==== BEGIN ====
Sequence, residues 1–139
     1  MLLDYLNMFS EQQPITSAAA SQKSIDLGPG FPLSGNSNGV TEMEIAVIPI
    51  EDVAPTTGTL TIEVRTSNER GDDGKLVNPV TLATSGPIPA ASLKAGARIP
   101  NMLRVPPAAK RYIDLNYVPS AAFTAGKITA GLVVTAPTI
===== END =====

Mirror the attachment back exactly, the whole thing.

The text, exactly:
Sequence, residues 1–139
     1  MLLDYLNMFS EQQPITSAAA SQKSIDLGPG FPLSGNSNGV TEMEIAVIPI
    51  EDVAPTTGTL TIEVRTSNER GDDGKLVNPV TLATSGPIPA ASLKAGARIP
   101  NMLRVPPAAK RYIDLNYVPS AAFTAGKITA GLVVTAPTI